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"Japanese Antiaircraft Gun Installations" from Tactical and Technical Trends

A report on Japanese antiaircraft gun positions in the Pacific during WWII, from Tactical and Technical Trends, No. 31, August 12, 1943.

[DISCLAIMER: The following text is taken from the U.S. War Department publication Tactical and Technical Trends. As with all wartime intelligence information, data may be incomplete or inaccurate. No attempt has been made to update or correct the text. Any views or opinions expressed do not necessarily represent those of the website.]


A study by the official U.S. Navy Pacific Photo-Interpretation Unit of aerial photographs of Japanese occupied areas in the Solomon Islands, reveals that the plan of enemy medium and heavy antiaircraft battery positions usually follows one of three patterns: that of an arc, a triangle, or a rectangle. A typical battery position is shown in figure 1.

[WWII Japanese Antiaircraft Gun Installations]

a. Ground Patterns

(1) Arc Pattern

The arc pattern includes 3 to 10 emplacements. The radius of the arc usually varies directly with the number of guns in the pattern. These batteries are frequently reinforced with a few scattered light AA positions. The CP of the arc battery is located back of the battery, approximately equidistant from the ends (see figure 2). Gun crew quarters and ammunition dumps can usually be observed at the edge of the clearings in which the batteries are installed. One noteworthy battery consists of a series of three arc patterns, the center one of the three being reversed in direction from the end two. This battery is located at Vila.

[WWII Japanese Antiaircraft Gun Installations]

(2) Triangular Pattern

This is a three-gun installation in the shape of a triangle. The CP is usually located in the center of the position. It is similar to the arc and rectangular positions in all other respects (see figure 3).

[WWII Japanese Antiaircraft Gun Installations]

(3) Rectangular Pattern

The rectangular position is a four-gun battery built in a roughly rectangular pattern. This pattern is more of a trapezoid but for purposes of classification, patterns of this type are classified as rectangular. This type of battery has a CP in the center of the position. Crew quarters, ammunition dumps, etc., are removed from the position as in the case of the arc pattern; if the position is in a clearing they are located at the edge of it (see figure 4).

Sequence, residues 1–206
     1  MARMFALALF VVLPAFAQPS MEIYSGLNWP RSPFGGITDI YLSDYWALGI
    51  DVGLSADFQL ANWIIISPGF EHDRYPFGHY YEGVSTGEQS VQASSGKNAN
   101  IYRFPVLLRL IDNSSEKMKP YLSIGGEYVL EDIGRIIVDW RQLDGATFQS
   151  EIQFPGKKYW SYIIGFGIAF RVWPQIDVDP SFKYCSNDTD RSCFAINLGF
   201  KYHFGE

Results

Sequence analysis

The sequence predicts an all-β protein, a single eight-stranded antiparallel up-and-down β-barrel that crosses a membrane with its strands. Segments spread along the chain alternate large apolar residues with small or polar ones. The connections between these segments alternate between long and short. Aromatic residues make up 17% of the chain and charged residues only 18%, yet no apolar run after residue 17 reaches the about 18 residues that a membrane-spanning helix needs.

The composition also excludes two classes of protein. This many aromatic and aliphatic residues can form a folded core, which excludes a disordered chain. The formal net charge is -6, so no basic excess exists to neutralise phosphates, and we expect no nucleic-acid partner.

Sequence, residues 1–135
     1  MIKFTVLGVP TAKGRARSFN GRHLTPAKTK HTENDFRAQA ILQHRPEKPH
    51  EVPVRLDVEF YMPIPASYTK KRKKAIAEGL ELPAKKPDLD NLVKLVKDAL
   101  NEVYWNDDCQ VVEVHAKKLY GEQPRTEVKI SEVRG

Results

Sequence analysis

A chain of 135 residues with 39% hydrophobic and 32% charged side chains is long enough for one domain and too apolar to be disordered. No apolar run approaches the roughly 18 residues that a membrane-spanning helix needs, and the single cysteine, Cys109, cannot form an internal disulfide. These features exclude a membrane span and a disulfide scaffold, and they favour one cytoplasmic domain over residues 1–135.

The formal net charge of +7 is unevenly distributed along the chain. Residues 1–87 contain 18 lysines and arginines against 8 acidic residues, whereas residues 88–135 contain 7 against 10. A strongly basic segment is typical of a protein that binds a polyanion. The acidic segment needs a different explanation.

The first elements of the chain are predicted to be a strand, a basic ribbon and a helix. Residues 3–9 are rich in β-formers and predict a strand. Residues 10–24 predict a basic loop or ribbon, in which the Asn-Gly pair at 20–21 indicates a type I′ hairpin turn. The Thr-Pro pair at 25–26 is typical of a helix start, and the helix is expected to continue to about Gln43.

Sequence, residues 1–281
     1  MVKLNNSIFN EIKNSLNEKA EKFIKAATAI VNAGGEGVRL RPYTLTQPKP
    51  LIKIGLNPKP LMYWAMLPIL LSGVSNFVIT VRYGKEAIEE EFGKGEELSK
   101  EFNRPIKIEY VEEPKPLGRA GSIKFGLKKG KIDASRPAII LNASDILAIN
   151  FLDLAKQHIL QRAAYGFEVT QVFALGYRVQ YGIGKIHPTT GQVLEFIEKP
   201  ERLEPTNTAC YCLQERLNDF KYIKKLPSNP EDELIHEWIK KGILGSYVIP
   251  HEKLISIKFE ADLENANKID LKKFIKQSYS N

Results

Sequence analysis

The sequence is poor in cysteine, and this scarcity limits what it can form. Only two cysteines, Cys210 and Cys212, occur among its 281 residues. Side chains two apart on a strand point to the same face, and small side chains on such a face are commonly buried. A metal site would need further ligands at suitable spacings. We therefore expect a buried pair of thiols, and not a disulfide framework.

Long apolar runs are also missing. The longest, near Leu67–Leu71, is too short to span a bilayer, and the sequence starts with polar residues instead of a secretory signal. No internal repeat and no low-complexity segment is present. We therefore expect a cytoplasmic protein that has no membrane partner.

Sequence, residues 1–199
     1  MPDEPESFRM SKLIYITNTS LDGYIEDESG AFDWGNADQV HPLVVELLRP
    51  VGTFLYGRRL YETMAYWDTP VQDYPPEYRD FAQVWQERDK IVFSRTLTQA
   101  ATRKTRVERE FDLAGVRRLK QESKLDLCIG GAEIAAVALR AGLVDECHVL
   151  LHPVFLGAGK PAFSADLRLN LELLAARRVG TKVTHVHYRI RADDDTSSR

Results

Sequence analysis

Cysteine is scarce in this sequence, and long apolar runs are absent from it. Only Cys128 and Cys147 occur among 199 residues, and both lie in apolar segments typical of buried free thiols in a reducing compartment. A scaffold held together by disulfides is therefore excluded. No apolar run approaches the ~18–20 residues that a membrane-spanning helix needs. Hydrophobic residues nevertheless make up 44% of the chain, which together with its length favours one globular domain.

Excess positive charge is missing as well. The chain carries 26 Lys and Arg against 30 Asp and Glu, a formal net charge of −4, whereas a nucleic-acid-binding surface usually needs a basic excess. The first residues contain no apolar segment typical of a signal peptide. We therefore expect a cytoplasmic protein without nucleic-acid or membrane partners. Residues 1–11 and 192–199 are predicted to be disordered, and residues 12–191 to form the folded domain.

[WWII Japanese Antiaircraft Gun Installations]

b. Revetment Types

(1) Circular Revetment

The revetments that the Japs build are usually circular. In most instances they have no entrances. Some have been observed with a protected entrance, and a few with an unprotected gap. These revetments vary in size from 12 to 33 feet inside diameter. Most of them appear to be slightly countersunk. The revetment is probably built up of sandbags or some similar material (see figure 3).

(2) Modification of Circular Revetment

At Vila a new type revetment has been observed. This consists of a ramp leading down into the opening of a covered shelter, probably for ammunition storage, which in turn opens directly into a circular gun revetment. Another revetment is built around the first. Several of this type were observed in a battery (see figure 5).

[WWII Japanese Antiaircraft Gun Installations]

(3) Spiral Revetments for MG or Light AA

At Munda a spiral sloped revetment was observed. The inside diameter was approximately 10 feet. The purpose of the spiral was to form a protected entrance. The spiraled wall continued about 3 feet beyond its beginning.

c. Location of Batteries

The location of batteries relative to a landing strip is highly variable. In most instances batteries have been built in natural clearings and elevations. This is illustrated by a comparison of figures 6 to 9.


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